The M7 (magnificent 7) business schools provide fertile ground for consultancies to recruit new MBAs. The seven schools include: Columbia Business School (CBS), Harvard Business School (HBS), MIT Sloan School of Management (MIT Sloan), Northwestern University Kellogg School of Management (Northwestern Kellogg), Stanford University Graduate School of Business (Stanford GSB), University of Chicago Booth School of Business (Chicago Booth), and The Wharton School of the University of Pennsylvania (Wharton). Many firms focus their recruiting efforts solely on these schools, but Boston Consulting Group (BCG) is broadening its reach to a total of 37 elite schools.
Beyond the big-brand M7 schools, BCG has looked to the top EU programs to bolster its list, including INSEAD and London Business School. Its UnLock program is set to further introduce inbound MBAs “to the people, insight, and experiences that will enrich their skills, knowledge, and relationships . . . As a participant in BCG UnLock, you can expect personal, candid dialogue with BCG consultants and leaders, as well as your pre-MBA peers. You’ll also get a behind-the-scenes look at our transformational work and digital capabilities, and dive deep into the opportunity, support systems, and tools we offer to help our people be their best.”
The expanded UnLock program benefits both students and their prospective employers. It offers students a preview of a career as a consultant, gives them a head start on landing a summer internship, and ultimately sets them up for a full-time job offer, while it provides employers an early look at new talent. Incoming MBA students interested in BCG’s program will receive an invitation to play a series of Pymetrics games, which offer insight into the player’s cognitive and emotional attributes and serves as a gauge of their potential for success working at BCG.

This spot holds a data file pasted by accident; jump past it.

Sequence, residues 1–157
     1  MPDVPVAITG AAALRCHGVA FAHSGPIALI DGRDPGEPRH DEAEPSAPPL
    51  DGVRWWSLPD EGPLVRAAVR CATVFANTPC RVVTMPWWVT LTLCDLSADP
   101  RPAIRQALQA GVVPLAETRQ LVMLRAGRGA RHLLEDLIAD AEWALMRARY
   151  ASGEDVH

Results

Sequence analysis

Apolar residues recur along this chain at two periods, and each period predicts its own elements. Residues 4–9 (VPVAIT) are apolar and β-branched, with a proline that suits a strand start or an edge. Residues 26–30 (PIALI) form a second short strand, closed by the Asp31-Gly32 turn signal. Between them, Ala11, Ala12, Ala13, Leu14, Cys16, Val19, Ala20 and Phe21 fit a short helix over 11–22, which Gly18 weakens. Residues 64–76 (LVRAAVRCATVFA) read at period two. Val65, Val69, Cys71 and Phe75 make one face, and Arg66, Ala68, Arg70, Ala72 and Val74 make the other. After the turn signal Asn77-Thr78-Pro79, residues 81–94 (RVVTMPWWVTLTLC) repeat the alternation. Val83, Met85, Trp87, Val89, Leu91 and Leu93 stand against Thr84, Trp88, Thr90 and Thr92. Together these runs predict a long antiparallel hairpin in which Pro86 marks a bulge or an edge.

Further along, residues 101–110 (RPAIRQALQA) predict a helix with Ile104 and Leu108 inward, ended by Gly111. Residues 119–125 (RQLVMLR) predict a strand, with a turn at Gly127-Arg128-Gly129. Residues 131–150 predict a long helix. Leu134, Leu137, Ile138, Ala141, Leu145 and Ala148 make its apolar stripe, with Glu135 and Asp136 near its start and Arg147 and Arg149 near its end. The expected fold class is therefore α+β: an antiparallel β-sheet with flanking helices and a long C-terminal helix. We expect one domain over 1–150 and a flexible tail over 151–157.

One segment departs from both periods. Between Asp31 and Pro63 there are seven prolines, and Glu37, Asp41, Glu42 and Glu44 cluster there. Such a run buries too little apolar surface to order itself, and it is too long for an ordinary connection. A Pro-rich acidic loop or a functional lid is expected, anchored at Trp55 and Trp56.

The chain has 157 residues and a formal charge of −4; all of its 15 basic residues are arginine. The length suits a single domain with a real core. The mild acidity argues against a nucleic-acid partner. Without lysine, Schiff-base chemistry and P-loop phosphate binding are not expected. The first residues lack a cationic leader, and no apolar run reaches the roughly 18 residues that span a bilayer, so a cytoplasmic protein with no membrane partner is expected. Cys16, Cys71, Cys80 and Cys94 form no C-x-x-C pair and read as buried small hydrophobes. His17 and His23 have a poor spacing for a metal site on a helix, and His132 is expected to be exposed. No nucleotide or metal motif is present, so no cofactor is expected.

Consulting companies have been facing increasingly stiff competition to attract and retain top talent, as the jobs market continues its pandemic-driven shakeup. Many consulting firms have improved their compensation and benefits structures to offer more attractive opportunities for prospective employees, as well as building and growing programs to recruit incoming MBA candidates. Given the finite number of MBA candidates in a given year, firms are looking to expand their reach and include business schools they have not considered in the past.
As businesses continue to face a deficit of qualified talent, firms that provide an early path to employment are likely to face fewer challenges in keeping rosters full, providing new opportunities to ambitious MBAs willing to take advantage of their offerings.